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Notice

Self-Regulatory Organizations; New York Stock Exchange LLC; Notice of Filing of Proposed Rule Change Relating to NYSE Regulation, Inc. Policies Regarding Exercise of Power to Fine NYSE Member Organizations and Use of Money Collected as Fines

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Information about this document as published in the Federal Register.

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Start Preamble December 22, 2006.

Pursuant to Section 19(b)(1) of the Securities Exchange Act of 1934 (“Act”),[1] and Rule 19b-4 thereunder,[2] notice is hereby given that on December 6, 2006, the New York Stock Exchange LLC (“Exchange” or “NYSE”) filed with the Securities and Exchange Commission (“Commission”) the proposed rule change as described in Items I, II, and III below, which Items have been prepared substantially by the Exchange. The Commission is publishing this notice to solicit comments on the proposed rule change from interested persons.

I. Self-Regulatory Organization's Statement of the Terms of Substance of the Proposed Rule Change

NYSE Regulation, Inc. (“NYSE Regulation”) proposed to adopt internal procedures to assure the proper exercise by NYSE Regulation of its power to fine member organizations of the Exchange and the proper use by NYSE Regulation of the funds so collected. The text of the proposed rule change is available at the Exchange, the Commission's Public Reference Room, and http://www.nyse.com.

II. Self-Regulatory Organization's Statement of the Purpose of, and Statutory Basis for, the Proposed Rule Change

In its filing with the Commission, the Exchange included statements concerning the purpose of and basis for the proposed rule change and discussed any comments it received on the proposed rule change. The text of these statements may be examined at the places specified in Item IV below. The Exchange has prepared summaries, set forth in Sections A, B, and C below, of the most significant aspects of such statements.

A. Self-Regulatory Organization's Statement of the Purpose of, and the Statutory Basis for, the Proposed Rule Change

1. Purpose

In conversation with the staff of the Commission, prior to Commission approval of rule changes related to the merger of the New York Stock Exchange, Inc. with Archipelago Holdings, Inc., the Exchange undertook to subsequently file with the Commission a proposed rule change regarding NYSE Regulation's use of fines collected from member organizations following disciplinary action by NYSE Regulation against such member organizations.[3]

The purpose of this proposed rule change is to provide increased transparency regarding the processes which NYSE Regulation has in place to insure that the power of the Exchange, Start Printed Page 78498through NYSE Regulation, to impose fines on its members for disciplinary violations is exercised appropriately, and particularly to guard against the possibility that fines may be assessed to respond to budgetary needs rather than to serve a disciplinary purpose. The process proposed by NYSE Regulation is a combination of specific limits on the use of fine income coupled with active and ongoing board review of how income from fines is used by NYSE Regulation.

Important to an understanding of this issue is the specific corporate governance arrangements which have already been put in place with Commission approval to insure the independence of NYSE Regulation, the subsidiary to which the Exchange has delegated the performance of its regulatory functions. This not-for-profit wholly-owned subsidiary of the Exchange is governed by a board of directors all of whom meet the independence policy applied to the board of NYSE Group, Inc. (“NYSE Group”), and a majority of whom do not serve on any other board within the NYSE Group (“non-affiliated directors”). This arrangement assures that the non-affiliated directors remain completely free from any suggestion that their interests in serving NYSE Regulation might at times conflict with a duty to NYSE Group or one of its other affiliates. The chief executive officer of NYSE Regulation, Richard Ketchum, reports only to the board of NYSE Regulation, and not to the chief executive or any other officer of NYSE Group. In addition, NYSE Regulation has its own compensation committee and nominating and governance committee, both of which must be comprised of a majority of non-affiliated directors. None of the employees of NYSE Regulation are entitled to own the stock of NYSE Group.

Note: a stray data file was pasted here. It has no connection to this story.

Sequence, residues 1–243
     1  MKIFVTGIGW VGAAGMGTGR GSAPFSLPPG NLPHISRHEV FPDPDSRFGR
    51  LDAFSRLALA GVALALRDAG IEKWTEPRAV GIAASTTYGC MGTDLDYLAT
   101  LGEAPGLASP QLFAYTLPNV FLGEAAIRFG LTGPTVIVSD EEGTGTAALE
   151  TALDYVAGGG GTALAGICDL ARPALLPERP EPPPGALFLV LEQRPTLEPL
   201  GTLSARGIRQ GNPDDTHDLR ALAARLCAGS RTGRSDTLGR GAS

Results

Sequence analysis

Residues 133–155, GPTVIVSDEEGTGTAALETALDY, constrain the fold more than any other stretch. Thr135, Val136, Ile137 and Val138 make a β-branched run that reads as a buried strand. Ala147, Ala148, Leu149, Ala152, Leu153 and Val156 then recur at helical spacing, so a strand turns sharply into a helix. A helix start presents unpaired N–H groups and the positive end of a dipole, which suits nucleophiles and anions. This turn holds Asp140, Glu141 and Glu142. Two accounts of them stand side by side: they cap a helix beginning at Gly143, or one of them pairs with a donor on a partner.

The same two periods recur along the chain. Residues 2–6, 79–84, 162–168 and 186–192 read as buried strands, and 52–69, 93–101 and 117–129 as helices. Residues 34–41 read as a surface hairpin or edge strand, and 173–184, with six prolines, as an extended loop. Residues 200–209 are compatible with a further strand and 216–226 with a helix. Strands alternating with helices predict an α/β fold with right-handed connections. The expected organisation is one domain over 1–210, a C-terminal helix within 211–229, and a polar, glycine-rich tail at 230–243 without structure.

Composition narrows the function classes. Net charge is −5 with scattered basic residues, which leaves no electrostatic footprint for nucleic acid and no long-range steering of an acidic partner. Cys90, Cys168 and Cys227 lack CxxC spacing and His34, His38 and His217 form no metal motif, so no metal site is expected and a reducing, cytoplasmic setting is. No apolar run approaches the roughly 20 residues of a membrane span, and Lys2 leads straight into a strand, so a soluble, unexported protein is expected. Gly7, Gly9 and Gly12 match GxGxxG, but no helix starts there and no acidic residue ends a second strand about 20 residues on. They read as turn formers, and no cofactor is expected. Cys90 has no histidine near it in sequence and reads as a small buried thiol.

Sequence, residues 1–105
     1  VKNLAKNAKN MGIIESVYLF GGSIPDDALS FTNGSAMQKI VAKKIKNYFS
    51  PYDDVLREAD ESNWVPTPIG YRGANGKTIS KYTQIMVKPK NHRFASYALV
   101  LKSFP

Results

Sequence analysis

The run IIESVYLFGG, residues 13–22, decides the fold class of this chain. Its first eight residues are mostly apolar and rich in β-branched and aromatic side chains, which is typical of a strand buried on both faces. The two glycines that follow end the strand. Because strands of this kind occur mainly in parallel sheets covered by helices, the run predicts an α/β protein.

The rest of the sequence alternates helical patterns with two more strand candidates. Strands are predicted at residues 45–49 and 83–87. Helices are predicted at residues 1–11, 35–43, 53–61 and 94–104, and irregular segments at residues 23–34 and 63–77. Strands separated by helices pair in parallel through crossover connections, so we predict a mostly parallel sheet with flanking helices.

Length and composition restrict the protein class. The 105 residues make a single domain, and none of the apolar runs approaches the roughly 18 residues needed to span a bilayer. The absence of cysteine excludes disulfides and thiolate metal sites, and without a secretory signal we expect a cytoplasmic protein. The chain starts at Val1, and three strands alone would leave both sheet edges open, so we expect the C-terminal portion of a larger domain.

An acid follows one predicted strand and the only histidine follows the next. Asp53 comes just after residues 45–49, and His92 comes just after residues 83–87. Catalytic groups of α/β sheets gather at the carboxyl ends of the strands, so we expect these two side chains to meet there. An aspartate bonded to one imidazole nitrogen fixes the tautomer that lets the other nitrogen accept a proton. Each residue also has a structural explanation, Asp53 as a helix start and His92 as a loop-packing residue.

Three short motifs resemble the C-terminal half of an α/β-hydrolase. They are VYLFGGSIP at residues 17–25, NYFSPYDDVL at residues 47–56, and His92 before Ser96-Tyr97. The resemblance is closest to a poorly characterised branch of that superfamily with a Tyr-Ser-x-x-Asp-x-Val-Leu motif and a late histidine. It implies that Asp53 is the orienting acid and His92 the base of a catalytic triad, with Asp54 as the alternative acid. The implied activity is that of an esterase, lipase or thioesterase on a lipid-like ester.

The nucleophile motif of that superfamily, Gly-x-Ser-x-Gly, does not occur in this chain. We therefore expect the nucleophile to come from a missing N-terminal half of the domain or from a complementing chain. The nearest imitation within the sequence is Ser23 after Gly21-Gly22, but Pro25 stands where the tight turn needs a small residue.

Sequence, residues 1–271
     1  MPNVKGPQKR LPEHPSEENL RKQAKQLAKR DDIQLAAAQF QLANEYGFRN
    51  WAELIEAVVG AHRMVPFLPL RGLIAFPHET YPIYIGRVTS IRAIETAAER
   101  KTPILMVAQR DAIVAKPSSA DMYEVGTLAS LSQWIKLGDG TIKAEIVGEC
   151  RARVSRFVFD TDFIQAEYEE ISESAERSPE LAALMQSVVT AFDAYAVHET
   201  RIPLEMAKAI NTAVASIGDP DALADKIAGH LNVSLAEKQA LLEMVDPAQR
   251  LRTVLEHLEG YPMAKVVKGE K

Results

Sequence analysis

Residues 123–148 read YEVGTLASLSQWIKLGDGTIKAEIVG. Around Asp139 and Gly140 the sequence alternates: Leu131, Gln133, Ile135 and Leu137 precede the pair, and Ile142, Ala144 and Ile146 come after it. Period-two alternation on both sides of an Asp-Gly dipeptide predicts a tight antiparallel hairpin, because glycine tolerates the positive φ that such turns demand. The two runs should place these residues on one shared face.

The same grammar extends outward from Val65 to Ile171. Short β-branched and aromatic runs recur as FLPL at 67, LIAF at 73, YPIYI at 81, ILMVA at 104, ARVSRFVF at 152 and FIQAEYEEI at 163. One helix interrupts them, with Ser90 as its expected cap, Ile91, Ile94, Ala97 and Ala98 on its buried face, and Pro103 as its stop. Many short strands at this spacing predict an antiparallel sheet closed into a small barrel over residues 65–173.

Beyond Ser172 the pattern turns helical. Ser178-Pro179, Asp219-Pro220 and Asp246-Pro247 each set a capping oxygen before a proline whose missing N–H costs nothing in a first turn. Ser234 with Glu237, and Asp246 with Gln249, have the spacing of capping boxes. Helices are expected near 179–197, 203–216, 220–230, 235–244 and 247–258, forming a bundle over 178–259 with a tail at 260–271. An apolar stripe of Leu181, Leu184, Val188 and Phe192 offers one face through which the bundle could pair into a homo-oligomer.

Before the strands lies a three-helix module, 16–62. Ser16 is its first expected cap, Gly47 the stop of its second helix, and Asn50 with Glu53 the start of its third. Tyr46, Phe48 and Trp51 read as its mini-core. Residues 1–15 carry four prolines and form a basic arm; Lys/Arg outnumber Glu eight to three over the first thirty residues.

The Exchange has the authority under the Act [4] to assess its members to cover its costs of regulation, and the Exchange has delegated this authority to NYSE Regulation with respect to regulatory and certain other fees. Subject to the requirement to file fees with the Commission, NYSE Regulation determines, assesses, collects and retains examination, access, registration, qualification, continuing education, arbitration, dispute resolution and other regulatory fees. NYSE Regulation funds its examination programs for assuring financial responsibility and compliance with sales practice rules, testing, and continuing education through fees assessed directly on member organizations.

NYSE Regulation also receives funding from markets for which it provides regulatory services; at this time, the Exchange and NYSE Arca, Inc. There is also an explicit agreement among NYSE Group, the Exchange, NYSE Market, Inc. and NYSE Regulation to provide adequate funding to NYSE Regulation.

Finally, the Exchange's Operating Agreement specifies that the Exchange, as the owner of NYSE Regulation, “shall not use any assets of, or any regulatory fees, fines or penalties collected by, [NYSE Regulation] for commercial purposes or distribute such assets, fees, fines or penalties to [NYSE Group] or any other entity other than NYSE Regulation.”